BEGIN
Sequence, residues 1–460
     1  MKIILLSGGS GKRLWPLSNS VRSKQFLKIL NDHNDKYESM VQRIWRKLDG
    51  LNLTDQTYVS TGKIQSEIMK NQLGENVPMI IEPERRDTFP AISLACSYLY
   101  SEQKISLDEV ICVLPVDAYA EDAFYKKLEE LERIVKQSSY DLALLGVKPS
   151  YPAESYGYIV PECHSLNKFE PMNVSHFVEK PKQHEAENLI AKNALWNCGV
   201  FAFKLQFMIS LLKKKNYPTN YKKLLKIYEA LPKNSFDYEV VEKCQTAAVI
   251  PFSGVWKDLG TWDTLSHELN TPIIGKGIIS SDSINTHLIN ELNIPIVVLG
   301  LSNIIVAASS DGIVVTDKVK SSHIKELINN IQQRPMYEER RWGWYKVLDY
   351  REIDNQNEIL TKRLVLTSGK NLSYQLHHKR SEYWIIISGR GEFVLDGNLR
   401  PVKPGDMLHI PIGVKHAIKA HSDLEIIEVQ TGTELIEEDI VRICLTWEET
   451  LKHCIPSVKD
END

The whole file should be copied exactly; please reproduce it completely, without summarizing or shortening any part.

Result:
Sequence, residues 1–460
     1  MKIILLSGGS GKRLWPLSNS VRSKQFLKIL NDHNDKYESM VQRIWRKLDG
    51  LNLTDQTYVS TGKIQSEIMK NQLGENVPMI IEPERRDTFP AISLACSYLY
   101  SEQKISLDEV ICVLPVDAYA EDAFYKKLEE LERIVKQSSY DLALLGVKPS
   151  YPAESYGYIV PECHSLNKFE PMNVSHFVEK PKQHEAENLI AKNALWNCGV
   201  FAFKLQFMIS LLKKKNYPTN YKKLLKIYEA LPKNSFDYEV VEKCQTAAVI
   251  PFSGVWKDLG TWDTLSHELN TPIIGKGIIS SDSINTHLIN ELNIPIVVLG
   301  LSNIIVAASS DGIVVTDKVK SSHIKELINN IQQRPMYEER RWGWYKVLDY
   351  REIDNQNEIL TKRLVLTSGK NLSYQLHHKR SEYWIIISGR GEFVLDGNLR
   401  PVKPGDMLHI PIGVKHAIKA HSDLEIIEVQ TGTELIEEDI VRICLTWEET
   451  LKHCIPSVKD